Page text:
Last updated May 7, 2018 at 2:59 pm
The gentle undulations of leaves in a breeze has long been a source of poetic inspiration, but soon it could also be a source of electric power.
Critics of renewables often point out that the sun doesn’t always shine and the wind doesn’t always blow, researchers have now developed a system that exploits those very changes to generate power.
As proof of concept, researchers from Linköping University in Sweden show that electricity can be generated by a leafy twig blowing in breezes created by a fan.
The key to the technology rests with earlier research done by the same group that led to the development of nano-antennas designed to be incorporated into window glass.
The devices, described in the journal Nano Letters, absorb even weak solar radiation and deploy it to successfully reduce cold downdrafts, offering a substantial energy saving associated with heating buildings.
The swarm principle
The latest work takes the invention one step further, by combining the antennas with a pyroelectric film, creating tiny optical generators just 160 nanometres in size.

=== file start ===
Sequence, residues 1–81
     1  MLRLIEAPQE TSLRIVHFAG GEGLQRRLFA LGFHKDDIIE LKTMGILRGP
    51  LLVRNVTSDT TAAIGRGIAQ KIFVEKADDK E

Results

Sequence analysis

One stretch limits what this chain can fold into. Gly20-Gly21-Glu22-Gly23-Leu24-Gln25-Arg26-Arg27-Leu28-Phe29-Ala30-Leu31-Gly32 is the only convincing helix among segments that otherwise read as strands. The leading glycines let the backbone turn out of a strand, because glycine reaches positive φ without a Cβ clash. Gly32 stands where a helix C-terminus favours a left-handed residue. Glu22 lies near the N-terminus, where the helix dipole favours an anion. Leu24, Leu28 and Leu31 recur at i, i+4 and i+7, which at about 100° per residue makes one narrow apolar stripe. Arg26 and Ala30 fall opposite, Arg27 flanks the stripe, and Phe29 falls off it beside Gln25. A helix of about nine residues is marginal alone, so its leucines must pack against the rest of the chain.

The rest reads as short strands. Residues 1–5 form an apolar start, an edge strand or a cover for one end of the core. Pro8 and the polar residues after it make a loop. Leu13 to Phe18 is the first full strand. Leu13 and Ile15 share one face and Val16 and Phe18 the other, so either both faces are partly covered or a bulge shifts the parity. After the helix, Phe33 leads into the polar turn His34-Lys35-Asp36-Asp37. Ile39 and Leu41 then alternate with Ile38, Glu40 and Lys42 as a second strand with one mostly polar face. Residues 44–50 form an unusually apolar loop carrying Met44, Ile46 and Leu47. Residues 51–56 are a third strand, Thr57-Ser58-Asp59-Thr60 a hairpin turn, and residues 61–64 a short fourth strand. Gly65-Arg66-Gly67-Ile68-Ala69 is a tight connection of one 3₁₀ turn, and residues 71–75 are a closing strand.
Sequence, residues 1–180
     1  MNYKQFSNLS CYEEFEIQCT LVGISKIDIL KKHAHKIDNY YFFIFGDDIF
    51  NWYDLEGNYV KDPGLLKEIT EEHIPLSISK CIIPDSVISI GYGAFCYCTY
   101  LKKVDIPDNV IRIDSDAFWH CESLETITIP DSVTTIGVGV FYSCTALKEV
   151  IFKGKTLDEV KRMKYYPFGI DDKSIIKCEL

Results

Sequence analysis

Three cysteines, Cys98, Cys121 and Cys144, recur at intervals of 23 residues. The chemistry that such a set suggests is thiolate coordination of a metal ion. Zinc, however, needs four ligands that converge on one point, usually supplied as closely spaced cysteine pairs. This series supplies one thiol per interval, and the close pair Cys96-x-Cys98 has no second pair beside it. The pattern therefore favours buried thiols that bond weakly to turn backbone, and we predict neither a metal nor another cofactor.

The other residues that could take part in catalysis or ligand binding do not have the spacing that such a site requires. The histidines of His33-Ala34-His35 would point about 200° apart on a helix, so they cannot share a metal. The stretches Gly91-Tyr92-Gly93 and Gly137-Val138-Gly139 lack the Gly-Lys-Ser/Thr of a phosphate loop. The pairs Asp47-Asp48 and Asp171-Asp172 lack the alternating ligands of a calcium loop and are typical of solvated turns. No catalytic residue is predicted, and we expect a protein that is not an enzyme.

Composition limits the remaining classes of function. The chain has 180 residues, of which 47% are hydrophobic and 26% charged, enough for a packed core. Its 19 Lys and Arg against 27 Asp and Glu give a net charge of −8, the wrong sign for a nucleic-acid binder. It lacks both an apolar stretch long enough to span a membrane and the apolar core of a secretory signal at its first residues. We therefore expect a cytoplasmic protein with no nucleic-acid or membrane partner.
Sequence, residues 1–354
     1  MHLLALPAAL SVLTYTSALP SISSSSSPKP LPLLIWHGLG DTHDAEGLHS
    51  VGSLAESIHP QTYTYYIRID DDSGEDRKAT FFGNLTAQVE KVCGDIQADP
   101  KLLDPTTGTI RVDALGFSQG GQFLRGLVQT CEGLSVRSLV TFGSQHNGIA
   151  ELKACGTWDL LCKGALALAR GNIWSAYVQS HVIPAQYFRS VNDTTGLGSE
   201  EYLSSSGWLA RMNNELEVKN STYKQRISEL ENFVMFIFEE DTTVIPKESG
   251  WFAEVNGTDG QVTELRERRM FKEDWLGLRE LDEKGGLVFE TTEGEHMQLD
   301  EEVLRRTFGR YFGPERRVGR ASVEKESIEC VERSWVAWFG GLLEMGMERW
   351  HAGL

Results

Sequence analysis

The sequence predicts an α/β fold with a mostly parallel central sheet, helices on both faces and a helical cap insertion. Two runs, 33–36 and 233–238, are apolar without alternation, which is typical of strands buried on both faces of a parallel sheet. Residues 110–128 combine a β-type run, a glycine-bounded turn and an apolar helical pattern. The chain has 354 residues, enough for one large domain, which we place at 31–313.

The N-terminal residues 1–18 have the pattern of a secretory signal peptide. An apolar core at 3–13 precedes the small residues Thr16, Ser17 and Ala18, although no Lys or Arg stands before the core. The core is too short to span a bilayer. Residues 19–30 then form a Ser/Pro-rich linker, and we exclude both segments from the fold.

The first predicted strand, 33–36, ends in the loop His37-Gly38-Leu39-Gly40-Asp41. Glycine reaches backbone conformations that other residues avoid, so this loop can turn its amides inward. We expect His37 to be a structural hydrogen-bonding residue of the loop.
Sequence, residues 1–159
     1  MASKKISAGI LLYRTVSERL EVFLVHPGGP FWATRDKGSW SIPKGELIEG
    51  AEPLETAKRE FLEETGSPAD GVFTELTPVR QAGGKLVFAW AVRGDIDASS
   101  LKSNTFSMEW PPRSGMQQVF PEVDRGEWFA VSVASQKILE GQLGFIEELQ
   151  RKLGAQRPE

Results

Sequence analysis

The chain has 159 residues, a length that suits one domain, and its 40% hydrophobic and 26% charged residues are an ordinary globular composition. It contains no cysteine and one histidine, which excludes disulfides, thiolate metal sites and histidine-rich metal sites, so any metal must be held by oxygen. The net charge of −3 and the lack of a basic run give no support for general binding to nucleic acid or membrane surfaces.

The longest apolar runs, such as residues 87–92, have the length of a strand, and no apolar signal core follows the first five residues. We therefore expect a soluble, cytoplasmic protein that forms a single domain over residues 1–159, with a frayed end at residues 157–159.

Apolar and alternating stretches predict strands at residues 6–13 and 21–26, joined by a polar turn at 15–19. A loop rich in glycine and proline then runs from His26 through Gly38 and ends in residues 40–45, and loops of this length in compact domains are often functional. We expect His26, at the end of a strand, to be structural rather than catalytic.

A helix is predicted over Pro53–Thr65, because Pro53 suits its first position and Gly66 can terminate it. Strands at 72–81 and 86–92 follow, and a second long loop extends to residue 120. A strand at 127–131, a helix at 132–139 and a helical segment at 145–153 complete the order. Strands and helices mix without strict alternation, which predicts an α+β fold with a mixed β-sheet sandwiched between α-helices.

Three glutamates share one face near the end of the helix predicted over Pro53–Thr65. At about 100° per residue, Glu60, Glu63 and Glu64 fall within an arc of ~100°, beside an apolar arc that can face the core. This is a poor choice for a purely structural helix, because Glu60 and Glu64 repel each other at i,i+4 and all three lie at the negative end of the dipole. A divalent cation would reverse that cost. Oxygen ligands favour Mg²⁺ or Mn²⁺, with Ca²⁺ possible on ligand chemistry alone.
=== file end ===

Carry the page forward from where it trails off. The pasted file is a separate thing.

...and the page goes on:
Pyroelectric substances generate voltages because of changes to input. Thus, a charge is created as they move from being warm to cool, or the other way around – as would happen, for instance, if they were repeatedly dappled with light and shade.
And while each little generator produces only a tiny charge, it is the nature of nanotechnology to operate on a swarm principle.
“The nano-antennas can be manufactured across large areas, with billions of the small discs uniformly distributed over the surface,” says research team leader Magnus Jonsson.
“The spacing between discs in our case is approximately 0.3 micrometres. We have used gold and silver, but they can also be manufactured from aluminium or copper.”
To demonstrate the concept, co-author Mina Shiran Chaharsoughi created an experiment that used a leaf-covered twig, blown about by a fan, with an optical generator positioned beneath it.
As the leaves flapped about, throwing light and shade on the generator, enough electrical pulses were generated to power a small external circuit.
If the technology proves to be both economic and scalable, the world might soon have yet another reason to refrain from cutting down forests.
“The research is at an early stage, but we may in the future be able to use the natural fluctuations between sunshine and shade in trees to harvest energy,” says Jonsson.
The research paper was published in Advanced Optical Materials.